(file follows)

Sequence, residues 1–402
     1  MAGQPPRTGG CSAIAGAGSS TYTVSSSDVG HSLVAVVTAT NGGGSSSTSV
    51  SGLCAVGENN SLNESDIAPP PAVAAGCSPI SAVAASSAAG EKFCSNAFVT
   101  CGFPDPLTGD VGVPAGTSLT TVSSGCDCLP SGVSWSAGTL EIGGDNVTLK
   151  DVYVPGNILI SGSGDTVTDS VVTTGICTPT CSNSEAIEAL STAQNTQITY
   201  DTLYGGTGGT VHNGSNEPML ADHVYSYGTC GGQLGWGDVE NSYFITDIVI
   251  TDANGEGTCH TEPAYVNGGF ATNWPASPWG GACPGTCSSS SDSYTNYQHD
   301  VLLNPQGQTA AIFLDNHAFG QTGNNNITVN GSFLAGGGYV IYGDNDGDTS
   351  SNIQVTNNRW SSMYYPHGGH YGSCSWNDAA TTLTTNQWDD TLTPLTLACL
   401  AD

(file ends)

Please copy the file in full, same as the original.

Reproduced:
Sequence, residues 1–402
     1  MAGQPPRTGG CSAIAGAGSS TYTVSSSDVG HSLVAVVTAT NGGGSSSTSV
    51  SGLCAVGENN SLNESDIAPP PAVAAGCSPI SAVAASSAAG EKFCSNAFVT
   101  CGFPDPLTGD VGVPAGTSLT TVSSGCDCLP SGVSWSAGTL EIGGDNVTLK
   151  DVYVPGNILI SGSGDTVTDS VVTTGICTPT CSNSEAIEAL STAQNTQITY
   201  DTLYGGTGGT VHNGSNEPML ADHVYSYGTC GGQLGWGDVE NSYFITDIVI
   251  TDANGEGTCH TEPAYVNGGF ATNWPASPWG GACPGTCSSS SDSYTNYQHD
   301  VLLNPQGQTA AIFLDNHAFG QTGNNNITVN GSFLAGGGYV IYGDNDGDTS
   351  SNIQVTNNRW SSMYYPHGGH YGSCSWNDAA TTLTTNQWDD TLTPLTLACL
   401  AD